Foraging From Bark To Blossom
This year our Casey Trees calendar, offered exclusively to Members at the Steward level and above features the growing movement—urban foraging. People are exploring their own yards, neighborhoods and cities to gather edible plants as an opportunity to taste something new, get outdoors and even lower food budgets!
The 13 month calendar — Foraging From Bark To Blossom, features a new tree every month that is a ready source of edibles and flourishes in D.C.. Each tree in the calendar is also available for rebate through our Tree Rebate program!
Kicking off 2016 — January is the month of the Hackberry (celtis occidentalis)! Hackberries are the gold medal winner of plant foods. They can be eaten right off tree without cooking or other preparations. Hackberries are also famous for the jams and preserves that pair well with both sweet and savory items.
Spread this on your morning toast or use to marinate hardy, gamey meats such as venison or bison.
1 cup of berries will yield about 1/2 cup of jam.
1 cup of hackberries (washed)
Water to cover berries in saucepan
¼ cup of sugar
1 Tbsp. lemon juice
- Wash the berries, remove the stems and place them in a saucepan with enough water to cover the berries.
- Bring to a boil and then simmer for about 20-30 minutes. Once the skin has softened a bit, you can use a masher to begin removing the skin and pulp from the seed.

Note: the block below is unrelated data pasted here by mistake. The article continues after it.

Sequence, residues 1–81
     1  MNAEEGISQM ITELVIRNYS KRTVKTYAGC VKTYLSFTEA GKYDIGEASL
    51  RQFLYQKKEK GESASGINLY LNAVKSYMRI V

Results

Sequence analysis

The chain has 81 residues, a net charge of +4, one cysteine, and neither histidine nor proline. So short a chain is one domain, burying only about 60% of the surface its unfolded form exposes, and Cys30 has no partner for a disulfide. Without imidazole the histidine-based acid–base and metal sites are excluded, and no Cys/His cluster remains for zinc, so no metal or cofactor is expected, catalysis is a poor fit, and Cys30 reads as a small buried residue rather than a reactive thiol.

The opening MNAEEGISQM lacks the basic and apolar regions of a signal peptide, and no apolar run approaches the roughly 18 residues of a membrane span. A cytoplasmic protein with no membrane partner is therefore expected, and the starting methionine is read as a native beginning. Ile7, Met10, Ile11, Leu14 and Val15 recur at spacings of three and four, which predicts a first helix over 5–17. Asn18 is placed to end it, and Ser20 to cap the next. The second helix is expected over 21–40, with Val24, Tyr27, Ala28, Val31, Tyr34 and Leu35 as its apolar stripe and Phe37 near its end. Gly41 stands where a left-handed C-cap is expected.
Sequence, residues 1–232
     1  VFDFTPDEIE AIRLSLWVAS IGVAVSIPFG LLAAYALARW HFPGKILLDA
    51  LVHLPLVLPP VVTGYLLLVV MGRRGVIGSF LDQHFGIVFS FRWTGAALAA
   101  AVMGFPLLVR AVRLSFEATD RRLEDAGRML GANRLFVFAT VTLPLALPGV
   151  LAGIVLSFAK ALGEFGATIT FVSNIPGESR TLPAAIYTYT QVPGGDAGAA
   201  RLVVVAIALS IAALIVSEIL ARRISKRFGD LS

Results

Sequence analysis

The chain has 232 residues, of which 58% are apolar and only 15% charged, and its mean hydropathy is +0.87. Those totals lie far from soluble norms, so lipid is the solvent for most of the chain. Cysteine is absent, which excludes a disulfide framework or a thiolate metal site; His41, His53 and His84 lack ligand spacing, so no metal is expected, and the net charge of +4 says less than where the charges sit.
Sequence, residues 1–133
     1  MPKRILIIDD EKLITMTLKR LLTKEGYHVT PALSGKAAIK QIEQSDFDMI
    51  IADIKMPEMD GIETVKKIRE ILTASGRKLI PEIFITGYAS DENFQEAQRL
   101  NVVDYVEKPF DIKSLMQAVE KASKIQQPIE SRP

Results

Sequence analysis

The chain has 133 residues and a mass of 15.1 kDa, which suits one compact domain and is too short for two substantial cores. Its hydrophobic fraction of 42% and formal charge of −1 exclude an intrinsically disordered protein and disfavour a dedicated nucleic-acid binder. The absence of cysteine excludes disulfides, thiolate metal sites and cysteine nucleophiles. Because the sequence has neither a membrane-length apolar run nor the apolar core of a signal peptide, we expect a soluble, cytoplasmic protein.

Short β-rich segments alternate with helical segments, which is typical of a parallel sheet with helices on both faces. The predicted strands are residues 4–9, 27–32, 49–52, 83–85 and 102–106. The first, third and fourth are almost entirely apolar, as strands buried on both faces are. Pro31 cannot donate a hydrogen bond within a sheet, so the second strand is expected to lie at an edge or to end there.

- Pour the water and berries through a strainer into another saucepan to strain out the seeds. Push as much of the pulp through the strainer as possible using a wooden spoon. At this point, you might realize that a lot of the pulp and skin is still on the strainer.
- Take about 1/4 cup of the hackberry water in the saucepan and pour it back through the strainer to wash extra pulp into the saucepan.
- Depending on your taste you can add more of the skin off the seeds to the saucepan. This adds some flavor and texture to the finished jam.
- Add 1/4 cup sugar and 1 Tbsp. lemon juice to the saucepan and boil. Then simmer and stir the liquid until it thickens—about 15-25 minutes.
- Pour the thickened jam into a jar to store or serve with biscuits, crackers or meat.
Be sure to look out for next month’s recipes and tips! If you would like to plant a hackberry in your yard fill out our tree rebate form! And if you have any questions about how you can get our Foraging From Bark To Blossom calendar contact us at email@example.com or 202.833.9125.